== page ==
A microscale system developed by Oregon State University researchers offers a modular, energy-efficient alternative to established desalination methods. A patent was issued for the technology in April 2020 (Patent No. US 10,618,826 B2).
“Our technology solves some of the major shortcomings of widely used desalination techniques, because it can recover more fresh water, it’s more energy efficient, and its operational costs will be lower,” said Goran Jovanovic, a professor of chemical engineering and principal inventor. “Potentially, it can be powered by renewable and distributed energy sources, like solar and wind, which makes it versatile and economically viable.”
At the core of the system is capacitive deionization technology, which uses charged electrodes to remove salt ions from saltwater. According to Jovanovic, the system routinely achieves a recovery rate of 75%, meaning it extracts 7.5 gallons of fresh water from every 10 gallons of saltwater. That’s significantly higher than for traditional desalination technologies, such as distillation and reverse osmosis. For example, the recovery rate of a typical large-scale reverse osmosis plant designed to convert seawater to potable water ranges from 50% to 60%, according to Jovanovic.
In a typical configuration of the device, two polymer plates face each other, separated by a gap of about 500 micrometers (half a millimeter). The plates, each about 250 micrometers thick, are coated with an even thinner electrode layer. The optimal linear dimensions of the plates have yet to be determined, but Jovanovic expects them to range from several centimeters to a meter.
As saltwater flows into the channel between the plates and the system is powered up, the charged electrodes attract and capture salt ions, and the purified water exits into a collection tank. When the electrodes become saturated with ions, the power is cut, the electrodes release the adsorbed ions, and a small flow of water flushes them out. The resulting stream of highly concentrated waste brine is shunted to a separate exit port, and the next desalination cycle starts up.
If necessary, water can be recycled through the system until its salt concentration reaches target thresholds. Drinking water characteristically contains several hundred parts per million of salt, while water used in high-tech clean rooms is completely deionized.
A crucial feature of the system is the extremely high surface area of the electrodes. As their surface area increases, so does the number of salt ions plucked from the water stream, which translates into faster and more efficient operation. Surface area enhancement is attained by using electrodes made of porous, carbon-based nanomaterials (graphene, for example) that have astonishingly high ratios of surface area to volume. Depending on the material it’s made of, an electrode that occupies a footprint of one square centimeter can comprise a surface area from 300 to 1,000 square centimeters.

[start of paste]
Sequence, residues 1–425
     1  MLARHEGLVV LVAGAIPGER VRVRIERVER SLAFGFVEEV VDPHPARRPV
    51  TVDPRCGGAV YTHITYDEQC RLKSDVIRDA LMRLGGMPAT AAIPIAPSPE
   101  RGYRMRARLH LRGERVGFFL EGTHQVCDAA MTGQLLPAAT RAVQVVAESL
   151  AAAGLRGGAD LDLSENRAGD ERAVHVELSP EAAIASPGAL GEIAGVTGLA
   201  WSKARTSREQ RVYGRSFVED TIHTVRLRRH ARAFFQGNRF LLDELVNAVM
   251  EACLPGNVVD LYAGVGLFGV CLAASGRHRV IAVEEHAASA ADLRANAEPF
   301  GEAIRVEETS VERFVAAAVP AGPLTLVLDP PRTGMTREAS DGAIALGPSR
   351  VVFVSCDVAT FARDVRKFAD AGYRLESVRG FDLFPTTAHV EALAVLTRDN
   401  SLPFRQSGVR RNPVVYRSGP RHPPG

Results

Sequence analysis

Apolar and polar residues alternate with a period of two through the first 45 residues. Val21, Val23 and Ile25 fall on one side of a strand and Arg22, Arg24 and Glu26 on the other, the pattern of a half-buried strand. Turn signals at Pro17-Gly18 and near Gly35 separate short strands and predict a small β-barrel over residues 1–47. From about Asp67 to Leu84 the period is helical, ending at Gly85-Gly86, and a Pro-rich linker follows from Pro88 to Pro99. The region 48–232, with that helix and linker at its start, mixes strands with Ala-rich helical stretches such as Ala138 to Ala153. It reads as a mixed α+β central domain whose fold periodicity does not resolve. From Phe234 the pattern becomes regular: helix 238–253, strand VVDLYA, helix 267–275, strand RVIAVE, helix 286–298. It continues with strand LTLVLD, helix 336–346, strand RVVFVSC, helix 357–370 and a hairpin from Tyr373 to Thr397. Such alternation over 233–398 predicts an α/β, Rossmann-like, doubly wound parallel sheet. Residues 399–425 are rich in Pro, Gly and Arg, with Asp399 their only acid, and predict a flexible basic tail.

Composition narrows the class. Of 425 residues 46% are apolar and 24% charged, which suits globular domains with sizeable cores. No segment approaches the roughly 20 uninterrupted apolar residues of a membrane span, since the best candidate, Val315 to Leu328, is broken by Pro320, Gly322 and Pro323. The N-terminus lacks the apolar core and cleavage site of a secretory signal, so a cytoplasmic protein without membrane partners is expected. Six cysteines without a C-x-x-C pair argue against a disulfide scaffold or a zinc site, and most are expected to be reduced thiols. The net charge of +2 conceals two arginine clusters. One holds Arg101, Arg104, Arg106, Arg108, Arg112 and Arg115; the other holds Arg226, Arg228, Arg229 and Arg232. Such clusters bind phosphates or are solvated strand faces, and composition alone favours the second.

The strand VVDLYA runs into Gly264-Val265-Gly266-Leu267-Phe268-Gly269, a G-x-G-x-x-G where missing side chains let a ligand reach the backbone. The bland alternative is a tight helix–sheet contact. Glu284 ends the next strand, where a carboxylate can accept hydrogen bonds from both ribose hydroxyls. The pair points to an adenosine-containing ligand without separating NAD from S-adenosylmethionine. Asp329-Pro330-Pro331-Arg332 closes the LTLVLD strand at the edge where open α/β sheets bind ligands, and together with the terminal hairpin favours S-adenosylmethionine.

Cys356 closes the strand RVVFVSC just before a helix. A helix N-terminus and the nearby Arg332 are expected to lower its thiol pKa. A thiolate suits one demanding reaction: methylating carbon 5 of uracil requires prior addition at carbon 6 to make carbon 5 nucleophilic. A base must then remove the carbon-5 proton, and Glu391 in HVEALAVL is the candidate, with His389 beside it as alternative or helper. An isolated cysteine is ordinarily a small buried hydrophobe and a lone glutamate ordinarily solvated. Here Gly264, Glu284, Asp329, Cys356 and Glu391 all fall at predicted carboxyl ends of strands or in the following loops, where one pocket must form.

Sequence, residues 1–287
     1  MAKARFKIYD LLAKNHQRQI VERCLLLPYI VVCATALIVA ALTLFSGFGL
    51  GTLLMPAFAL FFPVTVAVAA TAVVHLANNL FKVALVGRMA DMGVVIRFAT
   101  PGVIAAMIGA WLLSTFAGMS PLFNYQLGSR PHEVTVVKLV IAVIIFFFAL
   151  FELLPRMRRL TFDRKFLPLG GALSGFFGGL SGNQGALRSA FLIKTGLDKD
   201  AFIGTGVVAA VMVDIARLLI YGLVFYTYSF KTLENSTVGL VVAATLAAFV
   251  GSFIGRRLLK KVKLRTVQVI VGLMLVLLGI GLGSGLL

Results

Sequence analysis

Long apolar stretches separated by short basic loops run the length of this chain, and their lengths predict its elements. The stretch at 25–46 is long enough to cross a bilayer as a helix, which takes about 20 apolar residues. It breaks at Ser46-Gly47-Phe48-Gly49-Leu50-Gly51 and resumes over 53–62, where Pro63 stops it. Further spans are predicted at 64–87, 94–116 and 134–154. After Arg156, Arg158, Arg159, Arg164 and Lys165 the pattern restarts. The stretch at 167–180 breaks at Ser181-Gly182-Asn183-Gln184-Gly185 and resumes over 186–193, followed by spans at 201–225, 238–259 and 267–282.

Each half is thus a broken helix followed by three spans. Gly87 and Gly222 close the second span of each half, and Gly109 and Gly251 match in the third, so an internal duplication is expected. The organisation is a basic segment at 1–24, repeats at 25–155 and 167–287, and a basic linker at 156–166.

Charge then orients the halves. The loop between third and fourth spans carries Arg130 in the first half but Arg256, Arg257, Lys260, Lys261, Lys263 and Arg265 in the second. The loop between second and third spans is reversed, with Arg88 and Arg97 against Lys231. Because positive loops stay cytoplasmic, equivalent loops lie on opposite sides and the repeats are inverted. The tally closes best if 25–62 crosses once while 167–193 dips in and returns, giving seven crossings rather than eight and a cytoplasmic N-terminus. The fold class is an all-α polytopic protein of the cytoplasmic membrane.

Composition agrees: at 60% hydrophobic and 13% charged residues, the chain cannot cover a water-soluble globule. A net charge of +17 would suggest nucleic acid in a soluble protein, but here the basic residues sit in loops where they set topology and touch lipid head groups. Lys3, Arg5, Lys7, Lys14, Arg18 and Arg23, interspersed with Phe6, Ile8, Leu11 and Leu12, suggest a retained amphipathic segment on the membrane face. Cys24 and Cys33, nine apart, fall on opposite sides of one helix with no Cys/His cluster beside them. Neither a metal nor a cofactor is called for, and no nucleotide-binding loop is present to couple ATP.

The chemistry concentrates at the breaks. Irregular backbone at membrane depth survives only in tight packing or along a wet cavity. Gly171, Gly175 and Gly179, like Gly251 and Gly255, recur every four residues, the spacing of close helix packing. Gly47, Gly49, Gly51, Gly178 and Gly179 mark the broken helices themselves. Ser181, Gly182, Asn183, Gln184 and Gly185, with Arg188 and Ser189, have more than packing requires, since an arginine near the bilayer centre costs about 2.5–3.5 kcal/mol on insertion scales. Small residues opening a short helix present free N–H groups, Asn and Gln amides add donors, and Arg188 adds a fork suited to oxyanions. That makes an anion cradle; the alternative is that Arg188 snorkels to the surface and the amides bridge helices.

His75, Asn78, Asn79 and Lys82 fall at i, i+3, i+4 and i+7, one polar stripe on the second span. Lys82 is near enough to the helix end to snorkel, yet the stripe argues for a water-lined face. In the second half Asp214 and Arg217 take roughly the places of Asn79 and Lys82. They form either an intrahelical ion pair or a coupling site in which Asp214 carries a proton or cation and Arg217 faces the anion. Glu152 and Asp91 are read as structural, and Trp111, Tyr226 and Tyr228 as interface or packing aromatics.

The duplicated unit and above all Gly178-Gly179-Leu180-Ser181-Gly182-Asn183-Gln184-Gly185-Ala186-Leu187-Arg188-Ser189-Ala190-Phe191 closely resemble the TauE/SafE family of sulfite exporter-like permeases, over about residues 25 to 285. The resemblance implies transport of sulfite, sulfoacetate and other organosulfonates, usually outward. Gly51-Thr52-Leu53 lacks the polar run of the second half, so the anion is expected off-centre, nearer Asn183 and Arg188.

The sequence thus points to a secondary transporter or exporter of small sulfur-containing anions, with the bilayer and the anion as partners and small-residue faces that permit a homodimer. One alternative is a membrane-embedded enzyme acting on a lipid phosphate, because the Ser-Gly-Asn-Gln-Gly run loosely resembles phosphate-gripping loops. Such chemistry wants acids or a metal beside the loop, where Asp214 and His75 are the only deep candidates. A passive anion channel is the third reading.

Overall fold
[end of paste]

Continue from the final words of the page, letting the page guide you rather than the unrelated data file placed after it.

Jovanovic envisions desalination modules assembled from millions of microscale cells working in parallel. Based on prototype testing results, he expects that a module the size of an office desk — a couple of cubic meters — will produce upward of 265 gallons every minute. A reverse osmosis plant working at the same rate would occupy 50 times the space, consume twice the energy, and require intensive maintenance, according to Jovanovich. “And because our technology is infinitely scalable, we could produce a droplet per minute or a billion droplets per minute. It all depends on how many cells are working at a time,” he said.
Though the system is well suited for far-flung communities worldwide where access to fresh water and electricity is unreliable, obtaining government funding for such initiatives can be daunting, according to Jovanovic. Instead, he’s pursuing other markets.
“The first application will probably not be to desalinate water for drinking, but in industries like semiconductors, pharmaceuticals, and gas and oil exploration, which need a lot of squeaky clean water for some of their processes,” he said. “Running and maintaining on-site reverse osmosis plants for internal water needs is an expensive technological challenge.”
The new technology is also more eco-friendly than older approaches to desalination, because it produces far less hypersalinated waste brine. When that brine is discharged, it kills every living thing it touches and creates environmental havoc. As he further develops his technology, Jovanovic anticipates using solar-thermal energy to squeeze out every drop of fresh water from the waste brine by evaporating and condensing the liquid and harvesting the solids that fall out. “Disposing of solid waste safely is much easier than dealing with the liquid,” said Jovanovic, adding that the solids often contain high levels of magnesium and rare earth metals — resources which could have substantial market value.
“Any new desalination technology has to be part of a comprehensive solution that considers the environment,” Jovanovic said. “From the energy source that powers the technology all the way to the recovery of all resources at the end, reducing environmental impact is the focal point of any future development.”